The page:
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Title: Disability, gender and the trajectories of power
Authors: Camilleri-Zahra, Amy
Keywords: Disability studies
People with disabilities
Women with disabilities
Issue Date: 2016
Publisher: Routledge
Citation: Camilleri-Zahra, A. (2016). Disability, gender, and the trajectories of power. Disability & Society, 31(7), 983-992.
Abstract: Disabled women (for example, Morris 1991, 1996; Sheldon 2004; Vernon 1997, 1999) have for a long time been arguing that, since its inception, the disabled people’s movement has overlooked the particular experiences of disabled women. In addition, disabled women have also expressed general dissatisfaction towards the feminist movement (for example, Begum 1992; Morris 1996), resulting in disabled women feeling marginalised from both movements. Morris (1993, 1998) argues that the issues which are of particular relevance to disabled women have often been excluded to the extent that women seem invisible within the disability movement. Similarly, Vernon (1997, 1999) writes that the disabled people’s movement often ignores certain challenges met by disabled women in particular, such as the fact that disabled women are subject to patriarchal oppression and that they are very often targets of sexual discrimination. Morris (1996) further writes that if disabled women’s issues are given any attention at all, they are only tagged as a special interest or an optional extra with the result that even today, in the second decade of the twenty-first century, there are still very few separate books and articles that solely focus on the issues of disability and womanhood.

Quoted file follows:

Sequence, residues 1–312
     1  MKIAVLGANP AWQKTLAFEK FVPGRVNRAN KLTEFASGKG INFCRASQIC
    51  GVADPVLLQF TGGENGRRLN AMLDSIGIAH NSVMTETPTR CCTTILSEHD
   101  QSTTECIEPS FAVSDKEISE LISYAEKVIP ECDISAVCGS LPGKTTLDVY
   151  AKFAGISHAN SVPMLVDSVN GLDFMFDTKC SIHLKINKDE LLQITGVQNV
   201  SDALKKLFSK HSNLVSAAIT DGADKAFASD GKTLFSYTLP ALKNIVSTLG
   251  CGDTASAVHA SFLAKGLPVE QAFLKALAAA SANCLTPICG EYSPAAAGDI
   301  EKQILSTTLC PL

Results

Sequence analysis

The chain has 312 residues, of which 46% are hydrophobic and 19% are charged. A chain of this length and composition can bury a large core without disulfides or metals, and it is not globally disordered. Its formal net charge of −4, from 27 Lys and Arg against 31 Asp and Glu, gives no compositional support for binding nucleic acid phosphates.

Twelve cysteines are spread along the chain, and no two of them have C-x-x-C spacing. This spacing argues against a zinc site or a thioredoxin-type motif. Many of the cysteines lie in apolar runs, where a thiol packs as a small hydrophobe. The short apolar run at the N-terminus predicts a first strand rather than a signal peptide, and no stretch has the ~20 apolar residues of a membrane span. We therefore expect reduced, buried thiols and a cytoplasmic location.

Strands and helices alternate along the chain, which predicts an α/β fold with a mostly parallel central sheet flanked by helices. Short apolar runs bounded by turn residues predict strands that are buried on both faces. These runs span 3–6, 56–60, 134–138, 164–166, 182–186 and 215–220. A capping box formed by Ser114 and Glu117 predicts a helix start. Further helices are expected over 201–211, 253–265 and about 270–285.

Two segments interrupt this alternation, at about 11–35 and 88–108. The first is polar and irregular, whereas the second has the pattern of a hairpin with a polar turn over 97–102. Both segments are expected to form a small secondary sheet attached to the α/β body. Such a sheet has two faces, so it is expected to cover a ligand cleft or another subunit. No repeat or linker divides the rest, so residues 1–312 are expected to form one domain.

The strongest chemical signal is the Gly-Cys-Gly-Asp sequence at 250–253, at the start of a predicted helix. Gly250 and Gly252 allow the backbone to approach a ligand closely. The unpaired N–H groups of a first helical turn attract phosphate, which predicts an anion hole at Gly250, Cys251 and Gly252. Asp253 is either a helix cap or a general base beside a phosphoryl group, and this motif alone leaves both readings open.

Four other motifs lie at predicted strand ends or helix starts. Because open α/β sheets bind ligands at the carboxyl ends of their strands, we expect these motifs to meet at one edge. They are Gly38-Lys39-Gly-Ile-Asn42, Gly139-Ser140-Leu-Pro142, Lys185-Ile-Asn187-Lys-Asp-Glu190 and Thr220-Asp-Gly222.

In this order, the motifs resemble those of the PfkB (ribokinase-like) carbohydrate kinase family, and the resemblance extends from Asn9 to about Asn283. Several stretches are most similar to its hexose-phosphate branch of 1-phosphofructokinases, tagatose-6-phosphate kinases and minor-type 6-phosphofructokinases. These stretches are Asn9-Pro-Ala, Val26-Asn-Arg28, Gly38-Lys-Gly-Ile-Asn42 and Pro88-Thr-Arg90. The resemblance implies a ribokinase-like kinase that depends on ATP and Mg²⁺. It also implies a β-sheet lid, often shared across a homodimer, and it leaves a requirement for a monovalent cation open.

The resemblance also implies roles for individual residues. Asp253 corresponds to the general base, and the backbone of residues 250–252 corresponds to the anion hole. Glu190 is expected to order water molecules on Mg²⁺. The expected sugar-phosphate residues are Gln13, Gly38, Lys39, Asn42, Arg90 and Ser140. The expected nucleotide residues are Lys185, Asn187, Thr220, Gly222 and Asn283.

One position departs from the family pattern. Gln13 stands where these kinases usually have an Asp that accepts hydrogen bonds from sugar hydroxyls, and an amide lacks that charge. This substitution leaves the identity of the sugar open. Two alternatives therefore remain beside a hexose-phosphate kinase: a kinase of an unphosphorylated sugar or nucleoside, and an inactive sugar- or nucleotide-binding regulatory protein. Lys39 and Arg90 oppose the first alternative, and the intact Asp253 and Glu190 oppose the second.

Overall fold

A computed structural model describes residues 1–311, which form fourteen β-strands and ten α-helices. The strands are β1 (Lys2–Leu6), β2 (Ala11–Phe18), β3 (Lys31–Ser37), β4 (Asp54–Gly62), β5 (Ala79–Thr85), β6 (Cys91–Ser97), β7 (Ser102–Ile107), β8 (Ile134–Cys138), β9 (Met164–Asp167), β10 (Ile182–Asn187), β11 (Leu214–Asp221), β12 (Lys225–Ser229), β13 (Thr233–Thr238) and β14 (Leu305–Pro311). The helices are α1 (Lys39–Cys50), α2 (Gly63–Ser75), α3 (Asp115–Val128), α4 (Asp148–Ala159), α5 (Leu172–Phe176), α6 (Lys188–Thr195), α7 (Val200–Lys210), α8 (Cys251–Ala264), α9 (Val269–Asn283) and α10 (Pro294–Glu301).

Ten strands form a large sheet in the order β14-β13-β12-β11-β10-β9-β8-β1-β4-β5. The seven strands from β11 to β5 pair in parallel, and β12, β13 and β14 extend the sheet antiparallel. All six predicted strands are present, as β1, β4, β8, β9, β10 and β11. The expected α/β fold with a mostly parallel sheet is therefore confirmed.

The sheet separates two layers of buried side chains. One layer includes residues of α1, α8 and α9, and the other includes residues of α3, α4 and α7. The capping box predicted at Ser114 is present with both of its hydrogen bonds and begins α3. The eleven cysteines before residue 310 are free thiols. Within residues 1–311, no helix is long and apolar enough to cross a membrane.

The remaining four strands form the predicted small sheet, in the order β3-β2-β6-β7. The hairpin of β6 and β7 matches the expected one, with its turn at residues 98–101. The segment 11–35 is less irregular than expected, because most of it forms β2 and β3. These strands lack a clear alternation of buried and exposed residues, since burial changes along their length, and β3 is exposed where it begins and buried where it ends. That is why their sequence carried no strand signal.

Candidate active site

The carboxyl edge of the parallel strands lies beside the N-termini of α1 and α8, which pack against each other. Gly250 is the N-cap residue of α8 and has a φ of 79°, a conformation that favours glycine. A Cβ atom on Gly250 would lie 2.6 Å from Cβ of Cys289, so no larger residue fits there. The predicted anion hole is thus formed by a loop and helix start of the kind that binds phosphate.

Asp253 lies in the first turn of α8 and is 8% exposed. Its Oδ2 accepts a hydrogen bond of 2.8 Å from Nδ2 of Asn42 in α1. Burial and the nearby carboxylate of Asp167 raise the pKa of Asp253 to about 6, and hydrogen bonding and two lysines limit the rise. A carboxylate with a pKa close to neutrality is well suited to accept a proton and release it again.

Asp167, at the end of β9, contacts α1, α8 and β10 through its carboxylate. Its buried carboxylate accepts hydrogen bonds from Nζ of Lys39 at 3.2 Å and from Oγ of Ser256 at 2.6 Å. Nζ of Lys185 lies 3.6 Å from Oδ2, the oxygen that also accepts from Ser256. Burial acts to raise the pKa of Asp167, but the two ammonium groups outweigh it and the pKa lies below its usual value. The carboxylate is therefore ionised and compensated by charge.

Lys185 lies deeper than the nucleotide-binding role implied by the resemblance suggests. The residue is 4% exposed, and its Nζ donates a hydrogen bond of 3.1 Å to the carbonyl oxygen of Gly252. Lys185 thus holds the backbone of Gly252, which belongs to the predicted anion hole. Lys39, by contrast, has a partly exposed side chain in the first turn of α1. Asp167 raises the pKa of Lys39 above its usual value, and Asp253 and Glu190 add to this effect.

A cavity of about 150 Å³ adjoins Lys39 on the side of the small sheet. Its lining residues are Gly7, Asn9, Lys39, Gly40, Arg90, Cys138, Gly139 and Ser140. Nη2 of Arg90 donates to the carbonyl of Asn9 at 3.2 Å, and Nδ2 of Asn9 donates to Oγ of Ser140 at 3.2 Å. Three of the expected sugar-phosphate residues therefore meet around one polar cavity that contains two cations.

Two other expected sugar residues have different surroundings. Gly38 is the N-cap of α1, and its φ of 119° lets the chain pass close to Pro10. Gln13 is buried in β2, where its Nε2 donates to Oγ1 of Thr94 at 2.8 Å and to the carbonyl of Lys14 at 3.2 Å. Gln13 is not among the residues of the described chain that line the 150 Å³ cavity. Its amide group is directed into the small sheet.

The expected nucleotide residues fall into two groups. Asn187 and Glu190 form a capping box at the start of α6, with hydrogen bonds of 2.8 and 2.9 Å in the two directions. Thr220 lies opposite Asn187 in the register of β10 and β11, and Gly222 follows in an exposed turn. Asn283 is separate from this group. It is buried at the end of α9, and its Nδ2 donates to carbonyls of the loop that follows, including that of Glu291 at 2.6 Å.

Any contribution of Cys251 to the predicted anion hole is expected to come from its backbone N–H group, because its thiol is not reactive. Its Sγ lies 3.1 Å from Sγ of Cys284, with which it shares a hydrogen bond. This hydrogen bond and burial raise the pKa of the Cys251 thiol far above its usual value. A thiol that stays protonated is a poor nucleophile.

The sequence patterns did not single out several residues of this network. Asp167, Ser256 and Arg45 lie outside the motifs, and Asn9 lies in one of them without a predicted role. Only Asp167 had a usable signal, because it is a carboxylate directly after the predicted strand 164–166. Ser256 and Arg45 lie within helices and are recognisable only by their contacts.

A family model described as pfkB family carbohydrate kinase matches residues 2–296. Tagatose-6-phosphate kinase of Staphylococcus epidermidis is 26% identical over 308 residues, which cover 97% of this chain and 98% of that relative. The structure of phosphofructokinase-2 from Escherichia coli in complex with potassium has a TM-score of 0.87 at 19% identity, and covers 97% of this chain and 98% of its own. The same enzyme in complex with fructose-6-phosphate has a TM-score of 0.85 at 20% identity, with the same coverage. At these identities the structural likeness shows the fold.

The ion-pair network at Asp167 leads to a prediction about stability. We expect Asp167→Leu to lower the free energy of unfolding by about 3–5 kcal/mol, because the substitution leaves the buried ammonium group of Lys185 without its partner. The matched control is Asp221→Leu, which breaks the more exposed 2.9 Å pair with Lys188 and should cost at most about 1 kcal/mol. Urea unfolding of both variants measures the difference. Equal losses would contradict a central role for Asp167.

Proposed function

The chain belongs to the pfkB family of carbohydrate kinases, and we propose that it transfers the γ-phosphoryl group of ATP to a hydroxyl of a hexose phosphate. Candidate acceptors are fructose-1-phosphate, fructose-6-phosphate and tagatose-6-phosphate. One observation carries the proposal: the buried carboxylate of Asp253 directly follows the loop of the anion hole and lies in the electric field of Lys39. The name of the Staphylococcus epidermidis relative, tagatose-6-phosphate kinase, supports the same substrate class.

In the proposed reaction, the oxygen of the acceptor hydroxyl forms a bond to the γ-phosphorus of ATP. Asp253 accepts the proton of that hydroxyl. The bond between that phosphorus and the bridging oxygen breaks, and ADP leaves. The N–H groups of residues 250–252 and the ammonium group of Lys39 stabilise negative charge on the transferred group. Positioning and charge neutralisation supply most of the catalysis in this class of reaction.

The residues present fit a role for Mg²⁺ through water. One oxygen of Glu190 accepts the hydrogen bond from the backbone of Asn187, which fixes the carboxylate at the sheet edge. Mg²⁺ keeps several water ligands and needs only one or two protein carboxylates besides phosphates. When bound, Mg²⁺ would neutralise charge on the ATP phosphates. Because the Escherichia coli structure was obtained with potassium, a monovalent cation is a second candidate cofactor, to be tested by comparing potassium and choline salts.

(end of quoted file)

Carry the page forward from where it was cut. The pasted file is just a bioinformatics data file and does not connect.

Appears in Collections:Scholarly Works - FacSoWDSU

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